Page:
The Reverend Sarah McRae Fox was born on November 25, 1939, in Ferriday, Louisiana. She died in Shreveport, Louisiana, on August 9, 2020, following a brief illness. She was surrounded by the love of her children, Patrick, Sarah, Emily, and her daughter-in-law, Cherie. She is rejoicing at the reunion with her son, Jim, who met her with a glass of chardonnay in hand.
A funeral celebration will be held at The Church of the Holy Cross, 875 Cotton Street, Shreveport, Louisiana, at 1:00 p.m. on Friday, August 14, 2020, officiated by the Right Reverend Jake Owensby, Bishop of the Episcopal Diocese of Western Louisiana, the Reverend Garrett Boyte, the Reverend Kenneth Paul, and the Reverend Mary Richard. Seating is limited due to social distancing requirements and a video link will be available in her obituary at www.rose-neath.com. A private burial will follow at Forest Park Cemetery, St. Vincent Ave. Visitation will be on Thursday, August 13,2020, from 5:00 to 7:00 p.m., at Rose-Neath Funeral Home, 1815 Marshall Street in Shreveport.
Dubbed “Sally” early on by her parents, her red hair and iron will belied her small stature and marked her for the next eight decades. Excluding a brief stay at a German POW camp in New Mexico, where her father was stationed during World War II, Sally grew up in towns across Louisiana, from Ferriday, to Alexandria, to Shreveport, before she ultimately arrived in Baton Rouge. She was a proud graduate of the Baton Rouge High School Class of 1959. Family lore holds she was serving as a legislative page and rode an elevator with former Governor Earl K. Long when he was escorted to one asylum or another.
Like all good Louisianians, Sally attended Louisiana State University. She cheered Billy Cannon’s Halloween punt return in person and remained a Tiger for the rest of her life. At LSU, she met a somewhat nerdish but nonetheless handsome pre-med student, Jimmy Robinson. They married in 1959 and moved to New Orleans, where he attended medical school and she graduated from St. Mary’s Dominican College in 1962 with a degree in education. They ultimately settled in Shreveport courtesy of the United States Air Force, where they raised their four children. Sally and Jimmy were married for 23 years, and though they fought for a few thereafter, they remained friends for the rest of her life.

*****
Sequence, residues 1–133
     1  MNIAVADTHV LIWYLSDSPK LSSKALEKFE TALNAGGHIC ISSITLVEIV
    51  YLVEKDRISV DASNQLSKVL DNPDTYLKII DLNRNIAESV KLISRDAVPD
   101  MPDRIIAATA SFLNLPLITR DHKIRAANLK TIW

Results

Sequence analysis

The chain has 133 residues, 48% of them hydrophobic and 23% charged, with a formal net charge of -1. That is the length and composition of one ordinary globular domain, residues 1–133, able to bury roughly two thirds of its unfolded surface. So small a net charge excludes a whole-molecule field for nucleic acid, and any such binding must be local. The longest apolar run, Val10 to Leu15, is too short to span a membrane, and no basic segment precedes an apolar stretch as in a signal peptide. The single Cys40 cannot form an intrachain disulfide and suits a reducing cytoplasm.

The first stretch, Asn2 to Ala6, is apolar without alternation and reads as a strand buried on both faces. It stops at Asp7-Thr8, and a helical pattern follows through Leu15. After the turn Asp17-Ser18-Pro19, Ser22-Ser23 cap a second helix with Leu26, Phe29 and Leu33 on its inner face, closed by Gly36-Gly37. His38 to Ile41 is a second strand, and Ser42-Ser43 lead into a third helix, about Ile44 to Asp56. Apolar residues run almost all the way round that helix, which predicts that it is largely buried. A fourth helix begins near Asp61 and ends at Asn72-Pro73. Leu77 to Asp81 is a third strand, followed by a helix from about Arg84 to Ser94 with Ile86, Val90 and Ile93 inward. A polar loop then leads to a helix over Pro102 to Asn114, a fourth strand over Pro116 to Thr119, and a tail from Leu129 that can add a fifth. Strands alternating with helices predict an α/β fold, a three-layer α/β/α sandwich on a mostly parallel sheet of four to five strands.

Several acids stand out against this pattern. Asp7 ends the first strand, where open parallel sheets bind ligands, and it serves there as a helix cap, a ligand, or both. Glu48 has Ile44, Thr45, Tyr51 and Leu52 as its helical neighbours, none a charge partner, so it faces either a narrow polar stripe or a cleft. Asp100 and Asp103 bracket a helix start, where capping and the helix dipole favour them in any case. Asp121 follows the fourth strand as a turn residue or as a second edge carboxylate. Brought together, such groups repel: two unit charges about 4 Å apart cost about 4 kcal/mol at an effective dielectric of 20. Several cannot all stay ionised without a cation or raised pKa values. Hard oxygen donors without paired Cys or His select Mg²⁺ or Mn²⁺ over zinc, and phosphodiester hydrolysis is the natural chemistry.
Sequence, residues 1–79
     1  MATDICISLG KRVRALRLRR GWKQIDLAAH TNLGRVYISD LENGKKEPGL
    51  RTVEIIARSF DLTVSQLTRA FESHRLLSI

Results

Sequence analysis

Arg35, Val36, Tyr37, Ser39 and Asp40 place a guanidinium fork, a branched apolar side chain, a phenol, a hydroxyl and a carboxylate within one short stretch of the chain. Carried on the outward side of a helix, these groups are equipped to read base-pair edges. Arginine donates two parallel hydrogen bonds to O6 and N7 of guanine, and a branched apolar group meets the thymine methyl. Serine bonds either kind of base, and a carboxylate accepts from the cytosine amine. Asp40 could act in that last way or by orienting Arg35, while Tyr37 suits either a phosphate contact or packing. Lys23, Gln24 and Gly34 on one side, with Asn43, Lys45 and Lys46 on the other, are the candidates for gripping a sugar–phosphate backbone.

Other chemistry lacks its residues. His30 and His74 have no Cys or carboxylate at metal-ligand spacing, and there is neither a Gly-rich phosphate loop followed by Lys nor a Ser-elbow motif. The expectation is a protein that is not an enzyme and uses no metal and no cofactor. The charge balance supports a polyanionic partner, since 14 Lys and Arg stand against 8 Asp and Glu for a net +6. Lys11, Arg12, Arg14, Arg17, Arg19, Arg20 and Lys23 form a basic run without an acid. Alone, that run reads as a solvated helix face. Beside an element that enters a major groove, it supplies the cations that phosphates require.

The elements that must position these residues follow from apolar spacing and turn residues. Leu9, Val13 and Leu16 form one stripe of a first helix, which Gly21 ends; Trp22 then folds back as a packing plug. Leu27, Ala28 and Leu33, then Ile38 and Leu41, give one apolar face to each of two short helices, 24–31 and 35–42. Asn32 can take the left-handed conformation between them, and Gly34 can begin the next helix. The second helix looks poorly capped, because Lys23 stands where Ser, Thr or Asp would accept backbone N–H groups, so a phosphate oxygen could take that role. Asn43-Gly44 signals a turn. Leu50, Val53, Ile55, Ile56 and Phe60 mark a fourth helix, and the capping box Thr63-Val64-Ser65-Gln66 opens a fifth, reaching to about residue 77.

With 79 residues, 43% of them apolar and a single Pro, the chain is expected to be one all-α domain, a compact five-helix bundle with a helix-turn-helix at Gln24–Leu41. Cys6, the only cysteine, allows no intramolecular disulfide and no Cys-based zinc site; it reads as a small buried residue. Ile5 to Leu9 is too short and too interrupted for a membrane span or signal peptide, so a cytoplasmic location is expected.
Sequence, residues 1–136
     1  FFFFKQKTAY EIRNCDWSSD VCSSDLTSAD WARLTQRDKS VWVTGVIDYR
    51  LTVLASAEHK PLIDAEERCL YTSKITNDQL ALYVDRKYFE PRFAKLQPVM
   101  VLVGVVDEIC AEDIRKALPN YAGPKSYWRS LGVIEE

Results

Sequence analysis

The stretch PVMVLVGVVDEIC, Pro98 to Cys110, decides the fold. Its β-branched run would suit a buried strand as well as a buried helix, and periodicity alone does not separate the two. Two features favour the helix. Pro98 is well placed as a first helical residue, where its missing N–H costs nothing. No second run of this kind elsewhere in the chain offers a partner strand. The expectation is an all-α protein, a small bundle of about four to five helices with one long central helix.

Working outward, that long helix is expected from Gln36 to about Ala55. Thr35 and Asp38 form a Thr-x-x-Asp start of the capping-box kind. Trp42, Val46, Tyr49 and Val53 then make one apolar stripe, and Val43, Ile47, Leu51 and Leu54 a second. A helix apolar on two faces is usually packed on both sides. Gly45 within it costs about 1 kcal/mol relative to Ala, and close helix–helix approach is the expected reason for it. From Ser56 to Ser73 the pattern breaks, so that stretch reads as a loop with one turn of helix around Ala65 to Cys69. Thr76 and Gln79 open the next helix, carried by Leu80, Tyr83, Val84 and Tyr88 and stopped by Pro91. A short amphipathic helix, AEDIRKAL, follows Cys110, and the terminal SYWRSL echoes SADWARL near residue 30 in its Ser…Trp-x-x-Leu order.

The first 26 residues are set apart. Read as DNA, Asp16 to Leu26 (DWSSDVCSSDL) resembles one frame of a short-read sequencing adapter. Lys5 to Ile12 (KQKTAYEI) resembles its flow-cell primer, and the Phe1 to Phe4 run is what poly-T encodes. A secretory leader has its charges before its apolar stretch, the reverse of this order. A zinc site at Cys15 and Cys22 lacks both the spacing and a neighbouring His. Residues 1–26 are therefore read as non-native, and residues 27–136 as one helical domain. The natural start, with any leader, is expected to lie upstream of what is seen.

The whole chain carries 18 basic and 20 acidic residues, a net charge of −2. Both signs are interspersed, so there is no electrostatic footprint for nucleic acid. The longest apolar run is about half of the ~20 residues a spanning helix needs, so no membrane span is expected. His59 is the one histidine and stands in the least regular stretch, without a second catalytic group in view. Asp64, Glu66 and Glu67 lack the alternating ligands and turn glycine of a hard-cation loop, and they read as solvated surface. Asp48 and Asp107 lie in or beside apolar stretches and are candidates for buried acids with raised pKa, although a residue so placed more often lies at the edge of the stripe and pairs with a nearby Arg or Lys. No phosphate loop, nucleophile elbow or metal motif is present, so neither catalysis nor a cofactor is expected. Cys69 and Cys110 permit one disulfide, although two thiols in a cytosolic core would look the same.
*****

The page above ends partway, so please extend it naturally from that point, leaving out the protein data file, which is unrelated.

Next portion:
An accomplished pianist, Sally taught piano for several years in the 1970s. She remained deeply involved with her children’s school and spiritual lives, chairing more committees at Southfield School, St. Paul’s Episcopal Church, and St. Mark’s Day School, than this space allows, or these writers can remember. During that time, as her own spiritual faith deepened, she felt an increasing call to her church, her faith, and the priesthood. In 1979, amid still quiet but growing support for women priests, Sally enrolled at the Episcopal Seminary of the Southwest in Austin, Texas.
In 1982, her education was interrupted by the death of her oldest son, Jim, and the end of her marriage. But as red-haired Scottish women are wont to do, she stepped back, regrouped, and found her way. In 1984, she received her Master of Divinity. She became a deacon in 1985 and was ordained to the priesthood in the Episcopal Diocese of Michigan in 1989.
Over the following three decades, Sally ministered to tens of thousands from Houston, to Detroit, to Toledo, to Natchitoches, to Shreveport. She stood with Presidents and Popes (or at least some well-placed bishops). She cared for AIDS stricken patients, homeless families, inner-city children, and abused women. She fed the hungry, clothed the needy, and spoke for the meekest among us. She gave things she needed to people who needed them more and the world is a better place because she walked among us. And in the end, she found her happiest of places at St. John’s Episcopal Church in Minden, Louisiana where she served as Priest-in-Residence until her death. Her parishioners at St. John’s lovingly referred to her as Mother Sally.
Sally loved LSU football and the New Orleans Saints, though to the consternation of her son, she occasionally got the two confused. She loved classical music and going to movies. She loved lost cats and lost causes. She loved Stouffer’s lasagna, Gambino’s king cakes, and Blue Bell Moo-lenium Crunch. She loved sending gifts to her grandchildren and her great-grandchildren. Amazon, UPS, and FedEx will be so much the poorer for her passing. But above anything else in this world, she loved her children. She loved them at their best and at their worst. Because that’s what amazing Moms do.
Sally was preceded in death by her son, James “Jim” Richard Robinson, Jr., her parents, Joseph Herman Fox and Dorothy Haynie Fox, and her brother, Joseph Haynie Fox. She is survived by her children, Patrick Fox Robinson and his wife, Cherie; Sarah McRae Robinson Williams and her husband, John; Emily Koonce Robinson Claycomb and her husband, Doug; her grandchildren, Tim, Katie, Rebecca, Graham, Caroline, Frankie, and Keely; and her great-grandchildren, Parker and Mac.
The family suggests memorial donations may be made to St. John’s Episcopal Church, 1107 Broadway St, Minden, LA 71055, or to Holy Cross Hope House, 762 Austin Pl, Shreveport, LA 71101.